Sep 12, 2020 rated it it was amazing
Shelves: novel, slaves, virginia
Two women in the book, Josephine a negro slave and Lina, a New York lawyer present day are the heroines in this story during the 1800's in Virginia.

As a young girl Josephine was brought into the home by her owner's the Bells. Lu Ann Bell taught her to read and take care of the house. Lu Ann was an artist and taught Josephine art. Josephine took up drawing and painting. Her subjects were those around her and what she saw on a daily basis.

When she finally made her escape to Philadelphia, she had t
Ron Charles
Jan 26, 2013 rated it it was ok
Tara Conklin’s first novel, “The House Girl,” arrives in the middle of Black History Month boasting all the qualities of a Very Earnest Bestseller. Like Kathryn Stockett’s “The Help,” which has sold millions of copies, “The House Girl” depicts privileged white women and oppressed black women in a familiar, unchallenging way that strokes our liberal sensibilities and lets us feel again the sweet pleasure of racial enlightenment.

Not that there’s anything wrong with that, but Conklin’s novel gives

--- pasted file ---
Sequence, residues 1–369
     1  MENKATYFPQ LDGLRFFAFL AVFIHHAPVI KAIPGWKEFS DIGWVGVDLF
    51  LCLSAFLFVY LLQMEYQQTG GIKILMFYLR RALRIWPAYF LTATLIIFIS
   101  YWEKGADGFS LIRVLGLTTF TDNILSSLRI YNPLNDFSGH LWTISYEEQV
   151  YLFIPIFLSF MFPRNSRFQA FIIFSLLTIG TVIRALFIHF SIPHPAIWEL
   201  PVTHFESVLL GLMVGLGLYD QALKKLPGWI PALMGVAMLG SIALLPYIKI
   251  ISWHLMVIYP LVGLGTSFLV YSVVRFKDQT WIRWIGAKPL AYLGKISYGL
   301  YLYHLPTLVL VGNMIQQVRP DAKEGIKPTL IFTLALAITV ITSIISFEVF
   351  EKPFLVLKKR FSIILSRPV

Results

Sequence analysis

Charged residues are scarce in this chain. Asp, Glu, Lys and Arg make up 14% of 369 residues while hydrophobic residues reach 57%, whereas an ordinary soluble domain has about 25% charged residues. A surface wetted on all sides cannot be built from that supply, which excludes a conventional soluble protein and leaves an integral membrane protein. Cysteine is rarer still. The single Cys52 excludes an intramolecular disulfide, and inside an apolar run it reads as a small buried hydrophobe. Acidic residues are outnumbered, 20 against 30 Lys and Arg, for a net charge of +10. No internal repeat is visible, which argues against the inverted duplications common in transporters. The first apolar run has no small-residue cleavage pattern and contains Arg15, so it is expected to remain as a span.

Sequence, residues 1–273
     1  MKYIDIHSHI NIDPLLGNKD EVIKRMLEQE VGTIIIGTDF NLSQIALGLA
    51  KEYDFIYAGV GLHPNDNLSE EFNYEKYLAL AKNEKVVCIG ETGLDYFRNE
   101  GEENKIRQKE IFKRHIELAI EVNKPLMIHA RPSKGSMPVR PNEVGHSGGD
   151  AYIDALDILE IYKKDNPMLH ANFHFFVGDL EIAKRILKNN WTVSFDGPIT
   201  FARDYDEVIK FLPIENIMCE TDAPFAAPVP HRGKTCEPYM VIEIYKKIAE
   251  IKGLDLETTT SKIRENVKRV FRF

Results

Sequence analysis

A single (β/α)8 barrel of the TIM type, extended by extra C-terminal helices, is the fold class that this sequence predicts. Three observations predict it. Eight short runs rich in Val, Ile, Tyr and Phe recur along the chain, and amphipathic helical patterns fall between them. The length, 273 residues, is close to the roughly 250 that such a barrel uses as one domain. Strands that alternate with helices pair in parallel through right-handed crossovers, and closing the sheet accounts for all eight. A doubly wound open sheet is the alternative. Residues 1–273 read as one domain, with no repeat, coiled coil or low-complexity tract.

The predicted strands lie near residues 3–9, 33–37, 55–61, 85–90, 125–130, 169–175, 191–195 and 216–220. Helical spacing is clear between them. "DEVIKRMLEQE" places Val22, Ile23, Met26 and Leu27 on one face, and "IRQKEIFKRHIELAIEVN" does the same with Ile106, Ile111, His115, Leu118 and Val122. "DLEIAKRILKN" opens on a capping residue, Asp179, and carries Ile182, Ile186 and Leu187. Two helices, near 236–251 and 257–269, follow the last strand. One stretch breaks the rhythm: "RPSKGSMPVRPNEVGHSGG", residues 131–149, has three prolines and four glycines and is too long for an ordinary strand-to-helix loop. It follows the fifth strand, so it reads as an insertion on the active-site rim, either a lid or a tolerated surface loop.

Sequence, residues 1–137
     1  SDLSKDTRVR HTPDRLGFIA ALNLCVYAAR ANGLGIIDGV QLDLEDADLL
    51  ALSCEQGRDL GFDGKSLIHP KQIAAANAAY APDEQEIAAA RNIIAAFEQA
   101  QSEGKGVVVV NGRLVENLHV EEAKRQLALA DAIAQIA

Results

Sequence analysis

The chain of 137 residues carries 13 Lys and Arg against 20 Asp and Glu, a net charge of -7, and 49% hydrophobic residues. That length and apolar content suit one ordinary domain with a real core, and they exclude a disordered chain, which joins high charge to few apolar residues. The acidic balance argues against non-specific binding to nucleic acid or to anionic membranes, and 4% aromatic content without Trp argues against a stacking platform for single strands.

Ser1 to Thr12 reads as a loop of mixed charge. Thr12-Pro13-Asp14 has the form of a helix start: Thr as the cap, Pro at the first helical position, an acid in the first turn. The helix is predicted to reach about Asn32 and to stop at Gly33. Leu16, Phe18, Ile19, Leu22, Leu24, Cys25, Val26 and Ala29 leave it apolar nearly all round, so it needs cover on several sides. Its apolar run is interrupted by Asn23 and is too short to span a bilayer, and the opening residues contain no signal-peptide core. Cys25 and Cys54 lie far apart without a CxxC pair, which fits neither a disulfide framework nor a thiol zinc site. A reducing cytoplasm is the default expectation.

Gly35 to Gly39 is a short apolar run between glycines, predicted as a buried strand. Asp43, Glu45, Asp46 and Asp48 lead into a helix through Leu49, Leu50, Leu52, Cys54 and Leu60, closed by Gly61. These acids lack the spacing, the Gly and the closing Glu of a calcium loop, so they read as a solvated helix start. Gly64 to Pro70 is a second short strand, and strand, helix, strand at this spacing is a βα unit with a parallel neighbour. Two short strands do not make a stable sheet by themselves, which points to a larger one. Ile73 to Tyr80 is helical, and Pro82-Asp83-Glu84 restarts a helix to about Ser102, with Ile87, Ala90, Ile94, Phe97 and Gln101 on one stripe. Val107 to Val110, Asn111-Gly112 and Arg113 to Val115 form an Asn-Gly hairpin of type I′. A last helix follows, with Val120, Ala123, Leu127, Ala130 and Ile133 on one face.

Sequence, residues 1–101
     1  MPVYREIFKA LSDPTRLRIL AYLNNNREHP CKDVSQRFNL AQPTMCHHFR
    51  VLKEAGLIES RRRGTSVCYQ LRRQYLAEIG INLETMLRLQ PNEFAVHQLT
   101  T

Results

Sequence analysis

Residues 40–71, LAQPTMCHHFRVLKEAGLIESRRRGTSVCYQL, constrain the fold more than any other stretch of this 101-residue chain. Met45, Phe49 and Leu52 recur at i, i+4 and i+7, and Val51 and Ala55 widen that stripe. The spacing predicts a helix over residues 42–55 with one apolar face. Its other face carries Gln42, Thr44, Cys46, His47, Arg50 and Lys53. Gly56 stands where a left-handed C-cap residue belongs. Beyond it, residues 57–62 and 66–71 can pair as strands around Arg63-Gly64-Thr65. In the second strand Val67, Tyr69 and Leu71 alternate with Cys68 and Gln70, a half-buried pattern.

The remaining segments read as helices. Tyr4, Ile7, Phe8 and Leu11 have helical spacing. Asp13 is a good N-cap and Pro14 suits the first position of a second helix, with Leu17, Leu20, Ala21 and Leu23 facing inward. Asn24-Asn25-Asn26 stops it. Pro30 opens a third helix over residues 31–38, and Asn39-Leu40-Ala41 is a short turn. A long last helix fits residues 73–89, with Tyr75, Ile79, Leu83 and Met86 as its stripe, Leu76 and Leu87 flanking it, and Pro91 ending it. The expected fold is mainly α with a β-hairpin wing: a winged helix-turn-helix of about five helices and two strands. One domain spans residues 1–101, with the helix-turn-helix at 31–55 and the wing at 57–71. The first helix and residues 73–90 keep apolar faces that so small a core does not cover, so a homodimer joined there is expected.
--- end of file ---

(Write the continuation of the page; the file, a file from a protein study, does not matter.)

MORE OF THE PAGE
BAM Endlessly Booked
Audiobook #179

This is the same narrator as The Hate You Give, so the voices are throwing me.
Tara Chevrestt
You'd think that with all the historical stories out there about the evils of slavery, about slaves trying to be free, of the plight of the early African Americans, you'd think you'd read it all by now. What could one more author add to it?

A lot.

This one touched me in a way that many others haven't. Looking back now that I've turned the last page, I am trying to pinpoint what it exactly what it was that really hit me hard, and I'm not sure. Josephine...has lived a live of heartache. She's an ite
Feb 04, 2013 rated it really liked it
Shelves: e-audible
The author weaves together the story of Josephine, an enslaved house girl from Virginia before the Civil War and Lina Sparrow, young lawyer assigned to a class-action suit claiming reparation for the descendants of slaves. Lina’s search for a qualified slave descendant (to be the plaintiff) leads her to Josephine, who may have been the actual artist of famous paintings attributed to her plantation mistress.

Josephine’s heart-rending and demoralizing story is slowly revealed through Lina’s search